Some students feel foolish or rude asking questions. This is problematic because teachers have to worry about a whole class, and if you don’t express yourself, it is possible your worries will never be addressed. Of course, asking questions must be done in the proper way. It is important to follow the rules of etiquette that your dojo lays out, and to never be presumptuous. Remember – just because a part of a kata or self defense technique is not working for you, doesn’t mean it doesn’t work.
One characteristic that many good teachers share is a willingness and even enthusiasm in answering questions. The reason why is because they’ve put the same kind of thought and worry into their arts that you have. They are pleased to be able to help you get over a hurdle that they have encountered themselves.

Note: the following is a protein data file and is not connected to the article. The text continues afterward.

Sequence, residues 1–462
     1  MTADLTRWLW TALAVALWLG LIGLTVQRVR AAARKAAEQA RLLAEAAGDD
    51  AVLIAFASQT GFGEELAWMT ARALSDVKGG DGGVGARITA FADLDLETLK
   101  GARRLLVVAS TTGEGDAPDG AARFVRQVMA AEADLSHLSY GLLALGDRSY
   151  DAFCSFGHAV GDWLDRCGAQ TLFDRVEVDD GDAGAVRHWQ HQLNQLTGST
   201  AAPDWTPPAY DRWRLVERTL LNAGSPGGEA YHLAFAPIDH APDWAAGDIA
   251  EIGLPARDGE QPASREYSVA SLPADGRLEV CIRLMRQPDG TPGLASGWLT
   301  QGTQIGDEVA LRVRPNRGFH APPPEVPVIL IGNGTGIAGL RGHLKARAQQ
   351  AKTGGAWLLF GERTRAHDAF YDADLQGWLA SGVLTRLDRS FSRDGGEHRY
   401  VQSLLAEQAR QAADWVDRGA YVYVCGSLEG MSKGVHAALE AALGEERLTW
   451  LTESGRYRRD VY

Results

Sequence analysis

When Concerns Become Deeper
There comes a time during long-term training when some students stop wondering about their own performance of a technique, and start wondering about the technique itself. I’ll give an example.
Most students learn a version of the Age Uke – rising block.
At first this move is all well and good because it protects your face. As most people are told, an attack is coming in either straight toward the head or in an arcing motion downward and the rising block clears away the zone.
As time goes on though, some students notice that they never find a good time to use the Age Uke during sparring. They can force it of course, but more subtle slipping techniques tend to be better designed to cope with the speed of combat. And, when they do try to use Age Uke, they find that their ribs and midsection are very vulnerable, and that their rising arm sometimes obstructs their view of the opponent. Even the oft-utilized block-high/punch combo seems better served with a brisk knife hand block in order to keep the elbow down and protecting the body.